Shoebox Appeal History/ Background
Senior Citizens' Christmas Party
Donations in 2008
SHOEBOX APPEAL 2013 - URGENT
Contact Information for Biggin Hill & Westerham Lions Club
Links for Biggin Hill & Westerham Lions Club
The Plight of Belarus
Belarus has sometimes been described as "a forgotten land". Lions in South East England have remembered the desperate plight of the people there, and the devastation of the Chernobyl disaster, from which they have suffered since 1986, and from which they will continue to suffer for many years to come. When the Chernobyl disaster happened massive doses of radiation affected vast areas of Belarus. A huge cloud of radioactive particles went up from the reactor and drifted north across Belarus towards Moscow. It was a bright, sunny May public holiday, and suddenly it began to rain death! It will take anything up to 100 years for radiation levels to get back to normal in some areas, and in the meantime, the people of Gomel grow their food on contaminated land, and catch their fish from contaminated rivers. The parents may escape severe health problems, but their children sufter all sorts of related ailments, and have a life expectancy a mere fraction of that of healthy children.
The Lions of SE England first became involved in 1999, through our twin Lions District in Germany. Rolf, a medical doctor, has for over ten years organised and run an annual camp in Frankenberg, Germany, for up to 50 Chernobyl Children from Gomel. On one of his visits to Gomel, Rolf was shown a home for handicapped children where help was sorely needed. At that time, the only toilets they had were two holes in the ground in an outhouse 50 yards from the main house. Imagine that, in the depths of a Belarus winter. We drew up proposals for a joint project, and our two Districts raised enough money not only to put in good, modern toilet facilities on two floors of the main house, but also to replace completely the worn out, dysfunctional central heating system. By September 2000 the toilets had been completed, and work had started on the heating system. It is expected that all the work will be finished shortly.
Lion Howard Lee who visited Gomel said "we found the people of Gomel generally very happy, friendly and hospitable. The fact that they have so little, but they gave us so much, made their hospitality all the more touching."
The vast majority of people in Gomel live in small one or twobedroom high-rise apartments. The main problem is that the rent charged for an apartment is so high, compared with the average wage, that you find two or three generations of the same family having to share one apartment to make ends meet. The children are given two meals a day at school, but in the long summer holidays, they have to be fed at home, which often places a great strain on the household budget. Therefore, some help in the early summer would ease those problems considerably.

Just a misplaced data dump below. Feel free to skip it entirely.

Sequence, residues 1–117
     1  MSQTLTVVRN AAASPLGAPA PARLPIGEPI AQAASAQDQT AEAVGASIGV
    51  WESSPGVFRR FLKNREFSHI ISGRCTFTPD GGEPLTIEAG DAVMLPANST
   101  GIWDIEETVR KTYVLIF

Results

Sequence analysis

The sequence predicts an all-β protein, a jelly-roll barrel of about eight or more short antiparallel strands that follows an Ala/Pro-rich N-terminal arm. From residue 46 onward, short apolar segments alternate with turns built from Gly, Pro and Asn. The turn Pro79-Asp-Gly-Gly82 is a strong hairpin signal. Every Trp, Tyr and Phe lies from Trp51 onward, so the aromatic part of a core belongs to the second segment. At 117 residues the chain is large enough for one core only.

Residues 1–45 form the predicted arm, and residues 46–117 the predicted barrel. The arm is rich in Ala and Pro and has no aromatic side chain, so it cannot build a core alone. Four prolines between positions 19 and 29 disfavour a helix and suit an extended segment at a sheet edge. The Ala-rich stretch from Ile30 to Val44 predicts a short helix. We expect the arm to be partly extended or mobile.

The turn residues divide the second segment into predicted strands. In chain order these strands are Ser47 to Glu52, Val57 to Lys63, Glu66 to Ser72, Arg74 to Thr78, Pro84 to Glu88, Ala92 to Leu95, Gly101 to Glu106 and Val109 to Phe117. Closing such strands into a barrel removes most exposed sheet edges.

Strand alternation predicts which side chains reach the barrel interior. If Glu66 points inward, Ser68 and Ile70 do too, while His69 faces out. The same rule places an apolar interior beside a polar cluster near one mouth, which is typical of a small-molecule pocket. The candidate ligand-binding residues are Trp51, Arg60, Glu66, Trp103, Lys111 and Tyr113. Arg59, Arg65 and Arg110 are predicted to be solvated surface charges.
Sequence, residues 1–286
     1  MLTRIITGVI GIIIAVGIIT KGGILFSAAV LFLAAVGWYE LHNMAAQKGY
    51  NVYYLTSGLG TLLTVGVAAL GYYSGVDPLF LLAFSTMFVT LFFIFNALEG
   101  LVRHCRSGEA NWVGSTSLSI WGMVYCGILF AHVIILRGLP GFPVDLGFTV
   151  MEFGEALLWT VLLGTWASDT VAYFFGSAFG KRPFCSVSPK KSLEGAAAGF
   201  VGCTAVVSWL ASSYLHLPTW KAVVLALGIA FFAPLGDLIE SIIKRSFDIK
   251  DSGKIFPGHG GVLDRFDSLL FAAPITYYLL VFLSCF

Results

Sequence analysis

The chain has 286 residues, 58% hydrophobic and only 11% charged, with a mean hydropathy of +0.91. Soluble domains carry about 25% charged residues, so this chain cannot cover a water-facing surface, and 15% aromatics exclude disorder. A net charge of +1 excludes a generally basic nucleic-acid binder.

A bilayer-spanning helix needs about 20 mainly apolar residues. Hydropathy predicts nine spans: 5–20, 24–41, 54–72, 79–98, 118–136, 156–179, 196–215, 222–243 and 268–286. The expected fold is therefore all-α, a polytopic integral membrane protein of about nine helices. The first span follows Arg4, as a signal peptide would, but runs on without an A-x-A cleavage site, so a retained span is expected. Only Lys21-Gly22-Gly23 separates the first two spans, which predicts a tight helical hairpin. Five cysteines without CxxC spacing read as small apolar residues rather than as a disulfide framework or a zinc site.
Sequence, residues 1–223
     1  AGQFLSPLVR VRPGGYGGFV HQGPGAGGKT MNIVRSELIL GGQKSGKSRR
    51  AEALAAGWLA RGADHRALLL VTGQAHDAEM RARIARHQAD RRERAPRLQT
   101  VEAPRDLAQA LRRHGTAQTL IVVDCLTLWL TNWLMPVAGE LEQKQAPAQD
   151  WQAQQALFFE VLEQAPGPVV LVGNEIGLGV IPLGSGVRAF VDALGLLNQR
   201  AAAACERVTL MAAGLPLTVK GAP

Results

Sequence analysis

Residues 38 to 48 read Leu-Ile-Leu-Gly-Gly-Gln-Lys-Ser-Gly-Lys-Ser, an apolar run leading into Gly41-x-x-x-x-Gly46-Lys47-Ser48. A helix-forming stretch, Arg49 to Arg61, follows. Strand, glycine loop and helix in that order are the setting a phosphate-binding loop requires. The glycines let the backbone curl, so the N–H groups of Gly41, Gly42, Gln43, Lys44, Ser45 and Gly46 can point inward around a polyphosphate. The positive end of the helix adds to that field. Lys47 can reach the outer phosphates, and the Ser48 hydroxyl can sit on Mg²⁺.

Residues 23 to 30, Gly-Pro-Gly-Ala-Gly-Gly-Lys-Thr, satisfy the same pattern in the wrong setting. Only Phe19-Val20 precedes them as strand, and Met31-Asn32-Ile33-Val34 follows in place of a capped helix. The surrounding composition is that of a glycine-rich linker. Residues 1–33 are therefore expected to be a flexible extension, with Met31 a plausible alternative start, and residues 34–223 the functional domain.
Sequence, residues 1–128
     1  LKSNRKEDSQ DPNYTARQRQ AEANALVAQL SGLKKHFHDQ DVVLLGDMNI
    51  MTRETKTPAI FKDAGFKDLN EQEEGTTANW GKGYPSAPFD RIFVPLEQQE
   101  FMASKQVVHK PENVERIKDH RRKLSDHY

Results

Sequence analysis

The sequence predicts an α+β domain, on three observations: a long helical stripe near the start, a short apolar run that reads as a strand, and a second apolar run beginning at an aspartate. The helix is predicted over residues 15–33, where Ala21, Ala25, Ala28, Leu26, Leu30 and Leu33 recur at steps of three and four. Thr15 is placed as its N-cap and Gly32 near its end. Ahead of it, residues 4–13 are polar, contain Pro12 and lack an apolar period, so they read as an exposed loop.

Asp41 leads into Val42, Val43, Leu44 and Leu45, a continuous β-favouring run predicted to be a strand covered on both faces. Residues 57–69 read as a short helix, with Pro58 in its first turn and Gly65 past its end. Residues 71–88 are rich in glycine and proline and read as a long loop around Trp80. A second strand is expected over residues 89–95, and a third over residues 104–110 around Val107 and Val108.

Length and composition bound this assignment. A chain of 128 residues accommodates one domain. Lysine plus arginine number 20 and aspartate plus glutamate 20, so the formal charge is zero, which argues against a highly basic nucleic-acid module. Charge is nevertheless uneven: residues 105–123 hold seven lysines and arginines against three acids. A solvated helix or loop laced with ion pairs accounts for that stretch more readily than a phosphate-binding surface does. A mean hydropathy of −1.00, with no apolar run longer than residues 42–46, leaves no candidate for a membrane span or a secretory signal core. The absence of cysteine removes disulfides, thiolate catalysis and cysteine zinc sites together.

Shoebox Appeal 2002 Report.
The following report of the 2002 appeal has been recieved from Lion Howard Lee who went to Belarus to ensure safe arrival of the boxes.
"The annual District 105SE Shoebox Appeal was, once again, a huge success. During June and July, many clubs throughout the District collected parcels and bulk goods in accordance with the request sheets sent out, and delivered them to the warehouse in Crawley. There they were sorted, re-packed as necessary, and labeled by an intrepid and hard-working band of volunteers, under the leadership of Tony and Sandy Redhead (Lancing), and Tony and Val Parris (Burgess Hill). In all there were over 5,000 parcels, and many pallets of bulk goods, filling a large lorry, and equally large trailer. On Saturday 20 July, the goods were loaded onto the transport contractor’s lorry, and set out for Belarus.
One of the attractions of making Gomel, Belarus our target this year was that we could go there, see the goods arrive, visit the people who would distribute them, and learn more about the recipients. So on Wednesday 24 July, “the two Tonys” and I flew to Frankfurt to meet up with Lion PDG Rolf Bluttner, our go-between with our contacts in Gomel. The next day we flew on to Belarus. We stayed for four days as the guests of the Tsentralit iron foundry, the director and staff of which are our local sponsors in this project, and they looked after us magnificently (more of that in future articles).
Unfortunately, the paperwork prepared by the transport contractor was not complete, which led to a hold-up. Therefore, whilst we were able to inspect the goods on arrival, and explain to our contacts what they were, and where they should be delivered, we were not able to make deliveries personally. However, we have since heard that all goods have been delivered in accordance with our specifications. We have been promised a photographic report, and thank-you letters, in due course.
Whilst in Gomel, we visited many people, schools, surgeries, etc. and have many ideas for future help to the area. In particular, we visited the school for disabled children, now re-named Lions School, where we provided inside toilets and a new central heating system over the last two years. This work has been completed magnificently, and we are waiting to hear from the principal what is needed next. Also, we have visited the Belarus Embassy in London, and they have assured us of their help in dealing with the inevitable Belarusian bureaucracy in future.
There is much work we can do to assist the poor people of Belarus, still tragically affected by the Chernobyl disaster. We will report further in due course."
PDG Howard Lee – Chairman, Service & International Committee.
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